It's time for another blog tour. I love these things. It's like playing a writing game with your writer friends. I learn about so many great writers and great books!
This one is the Meet My Main Character Blog Tour, begun by Debra Brown.This tour asks the authors of works-in-progress to answer questions about the main characters of their fictional novels. I was invited by Ronda Reed. Ronda's novel, The Walking Bridge, is in editing now and Ronda hopes to bring it out early next year. I'm glad she invited me. You can read her answers to these questions here.
So enough about my writing friends, let's talk about my book, His Other Mother. :-)
Like most writers, I hate trying to classify my work, but I'll try. His Other Mother is women's issues fiction, by which I mean it is realistic fiction in a real-world setting featuring a female protagonist with issues to work through. In Sherry's case, the issues are infertility and schizophrenia. The novel is structured in five sections which mirror the phases of schizophrenia.
What is the name of your character? Is he/she fictional or historical?
Sherry Morgan is completely fictional. Like any of my characters, she draws from people I have met and even loved, but, mostly, I don't even recognize the pieces that stem from my own life in my work until after the fact. It's certainly not intentional. I suspect it's my subconscious working through my own issues.
When and where is the story set?
The story takes place in a contemporary setting, for the most part, in roughly 2010. It's set in Hilltown, which is a fictionalized version of my current hometown: Hillsborough, North Carolina. I didn't want to be tied to the actual geography of the town, so fictionalizing my setting allowed me to use things as I chose and ignore things that didn't serve my story.
What should we know about her/him?
Sherry wants a baby more than anything else in this world.
This desire is at the center of this novel. It affects everything and everyone around her, including her husband, Kirk, and Maxie and Corbin, the mother and baby she fixates on.
What is the main conflict? What messes up his/her life?
Sherry's problems begin when she and her husband, Kirk, decide to have a baby. They struggle with infertility and Sherry, in particular, is a mess over it. When she loses a pregnancy, she suffers a Brief Reactive Psychosis. She fixates on another woman's child and kidnaps him from the scene of an accident at the grocery store. As you might expect, this leads to trouble.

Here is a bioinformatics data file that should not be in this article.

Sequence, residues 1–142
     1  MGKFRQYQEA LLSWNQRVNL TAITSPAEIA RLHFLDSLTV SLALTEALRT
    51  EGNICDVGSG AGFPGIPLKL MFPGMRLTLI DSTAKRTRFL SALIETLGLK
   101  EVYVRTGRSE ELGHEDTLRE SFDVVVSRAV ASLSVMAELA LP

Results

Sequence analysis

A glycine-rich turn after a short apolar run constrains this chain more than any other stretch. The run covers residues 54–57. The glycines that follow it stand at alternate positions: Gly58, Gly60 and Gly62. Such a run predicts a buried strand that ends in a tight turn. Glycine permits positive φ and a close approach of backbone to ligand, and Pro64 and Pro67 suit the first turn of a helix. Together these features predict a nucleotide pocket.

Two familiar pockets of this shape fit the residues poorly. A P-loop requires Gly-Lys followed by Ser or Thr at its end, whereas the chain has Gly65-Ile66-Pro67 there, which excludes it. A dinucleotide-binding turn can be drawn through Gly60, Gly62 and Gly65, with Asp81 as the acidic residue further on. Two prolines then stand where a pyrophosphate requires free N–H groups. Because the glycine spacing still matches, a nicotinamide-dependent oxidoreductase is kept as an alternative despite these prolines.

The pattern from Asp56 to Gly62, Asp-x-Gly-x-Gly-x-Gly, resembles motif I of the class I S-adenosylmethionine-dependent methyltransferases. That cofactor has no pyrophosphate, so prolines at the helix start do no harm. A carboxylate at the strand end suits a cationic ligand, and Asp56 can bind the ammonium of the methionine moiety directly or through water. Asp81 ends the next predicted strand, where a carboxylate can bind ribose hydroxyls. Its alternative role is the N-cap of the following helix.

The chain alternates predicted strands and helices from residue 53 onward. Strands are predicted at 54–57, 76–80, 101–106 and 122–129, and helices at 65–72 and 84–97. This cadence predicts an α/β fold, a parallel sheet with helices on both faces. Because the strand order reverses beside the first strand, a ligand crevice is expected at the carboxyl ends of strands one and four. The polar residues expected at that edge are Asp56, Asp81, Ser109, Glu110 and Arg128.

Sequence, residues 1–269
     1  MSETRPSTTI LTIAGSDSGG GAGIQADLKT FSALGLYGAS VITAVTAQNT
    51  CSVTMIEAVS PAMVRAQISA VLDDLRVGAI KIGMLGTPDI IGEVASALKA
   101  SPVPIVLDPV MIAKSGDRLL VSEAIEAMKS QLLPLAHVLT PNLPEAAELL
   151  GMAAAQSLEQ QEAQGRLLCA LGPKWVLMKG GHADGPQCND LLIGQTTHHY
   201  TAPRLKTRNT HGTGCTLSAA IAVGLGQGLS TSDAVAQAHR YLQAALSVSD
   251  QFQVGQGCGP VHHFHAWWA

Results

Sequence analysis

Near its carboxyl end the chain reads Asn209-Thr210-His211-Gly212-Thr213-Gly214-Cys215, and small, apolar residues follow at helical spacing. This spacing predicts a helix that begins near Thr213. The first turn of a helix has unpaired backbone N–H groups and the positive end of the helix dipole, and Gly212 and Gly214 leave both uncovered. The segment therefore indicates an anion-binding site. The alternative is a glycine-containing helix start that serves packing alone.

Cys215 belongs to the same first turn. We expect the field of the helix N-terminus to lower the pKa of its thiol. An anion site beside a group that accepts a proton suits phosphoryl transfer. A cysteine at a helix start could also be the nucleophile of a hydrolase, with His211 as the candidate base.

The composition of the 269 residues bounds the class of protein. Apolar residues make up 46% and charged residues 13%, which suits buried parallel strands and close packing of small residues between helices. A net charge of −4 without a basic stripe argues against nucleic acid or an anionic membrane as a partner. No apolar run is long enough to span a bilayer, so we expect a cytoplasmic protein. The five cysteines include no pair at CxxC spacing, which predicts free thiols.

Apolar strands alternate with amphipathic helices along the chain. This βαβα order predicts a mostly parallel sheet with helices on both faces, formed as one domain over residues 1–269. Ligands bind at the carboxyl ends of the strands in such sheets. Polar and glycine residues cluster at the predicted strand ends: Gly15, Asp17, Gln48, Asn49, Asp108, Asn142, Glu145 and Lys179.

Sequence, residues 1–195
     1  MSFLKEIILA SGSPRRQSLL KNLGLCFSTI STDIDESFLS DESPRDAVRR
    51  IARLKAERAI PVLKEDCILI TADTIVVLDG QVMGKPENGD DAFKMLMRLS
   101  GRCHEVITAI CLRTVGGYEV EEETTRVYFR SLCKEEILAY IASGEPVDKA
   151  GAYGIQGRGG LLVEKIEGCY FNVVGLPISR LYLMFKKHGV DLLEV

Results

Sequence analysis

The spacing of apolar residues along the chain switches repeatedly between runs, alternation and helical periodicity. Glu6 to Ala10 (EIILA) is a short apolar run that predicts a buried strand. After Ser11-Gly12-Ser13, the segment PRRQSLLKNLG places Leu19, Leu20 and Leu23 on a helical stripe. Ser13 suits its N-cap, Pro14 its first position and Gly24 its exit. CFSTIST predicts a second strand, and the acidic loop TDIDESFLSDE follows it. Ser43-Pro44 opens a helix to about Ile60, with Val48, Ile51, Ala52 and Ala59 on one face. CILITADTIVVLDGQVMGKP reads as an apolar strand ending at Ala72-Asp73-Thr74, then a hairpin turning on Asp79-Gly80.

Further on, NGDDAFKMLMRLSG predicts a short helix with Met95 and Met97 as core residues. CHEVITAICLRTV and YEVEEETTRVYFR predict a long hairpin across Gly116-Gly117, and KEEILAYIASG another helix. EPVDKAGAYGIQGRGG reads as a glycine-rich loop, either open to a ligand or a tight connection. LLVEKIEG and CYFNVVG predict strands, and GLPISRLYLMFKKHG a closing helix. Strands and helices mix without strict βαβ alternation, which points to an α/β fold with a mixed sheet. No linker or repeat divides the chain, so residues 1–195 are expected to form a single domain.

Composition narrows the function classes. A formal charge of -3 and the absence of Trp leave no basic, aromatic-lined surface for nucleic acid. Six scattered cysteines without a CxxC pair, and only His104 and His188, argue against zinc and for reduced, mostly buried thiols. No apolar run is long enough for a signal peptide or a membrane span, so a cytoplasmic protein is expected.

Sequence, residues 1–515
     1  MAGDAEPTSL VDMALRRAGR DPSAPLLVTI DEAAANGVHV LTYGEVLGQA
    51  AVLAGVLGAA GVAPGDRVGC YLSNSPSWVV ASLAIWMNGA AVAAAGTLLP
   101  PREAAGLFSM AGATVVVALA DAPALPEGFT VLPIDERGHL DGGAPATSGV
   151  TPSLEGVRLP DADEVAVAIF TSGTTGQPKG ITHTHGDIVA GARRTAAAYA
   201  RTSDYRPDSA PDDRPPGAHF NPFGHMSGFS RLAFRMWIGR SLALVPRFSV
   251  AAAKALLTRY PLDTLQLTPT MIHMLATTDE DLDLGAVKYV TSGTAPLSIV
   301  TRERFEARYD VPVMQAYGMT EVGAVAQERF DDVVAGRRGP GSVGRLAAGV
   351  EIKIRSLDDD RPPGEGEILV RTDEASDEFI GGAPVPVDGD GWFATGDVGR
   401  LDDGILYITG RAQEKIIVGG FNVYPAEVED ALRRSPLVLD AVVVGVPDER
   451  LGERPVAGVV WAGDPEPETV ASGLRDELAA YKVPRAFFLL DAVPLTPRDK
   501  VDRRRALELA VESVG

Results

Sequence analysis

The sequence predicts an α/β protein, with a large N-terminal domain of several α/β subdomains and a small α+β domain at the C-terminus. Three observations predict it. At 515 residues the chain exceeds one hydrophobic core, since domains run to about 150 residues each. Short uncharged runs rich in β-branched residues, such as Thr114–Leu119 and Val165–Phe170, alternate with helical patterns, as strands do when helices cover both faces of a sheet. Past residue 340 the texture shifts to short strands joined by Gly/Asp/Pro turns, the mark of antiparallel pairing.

What is the personal goal of the character?
Is there a working title for this novel, and can we read more about it?
His Other Mother. I've posted some scenes from the novel on this blog over the year or so since I finished writing it.
Here's the kidnapping.
Here's the bread-baking scene.
And here's one of my favorite scenes: Kirk at the beach.
When can we expect the book to be published?
I'm pursuing traditional rather than indie publishing for this one, which means things like time tables are out of my hands. I really believe the book needs the publishing machine behind it to find its audience. So, it's out there in submission land, waiting for the next response. I've had two publishers ask for more before opting out, so I'm hopeful that the novel will find a home soon. In the meantime, I'm writing my other books (two superhero novels and a piece of historical fiction).
That was fun.
If you'd like to read more of these posts, check out the blogs of my writing friends next week to see what they have to say about their characters!
Kristin Molnar is an urban fantasy writer and lives in North Carolina with her family.
Chad Clark is an independent author specializing in horror and science fiction.
Elizabeth Hein is a mother, author, and cancer survivor. She grew up in Massachusetts and now lives in Durham, North Carolina. She writes women's fiction with a snarky edge. When not writing, she is trying to raise two young women and a husband.
Thank you so much for sharing Sherry! :) I will look forward to reading this when it's published. Motherhood strikes a strong chord in so many of us.ReplyDelete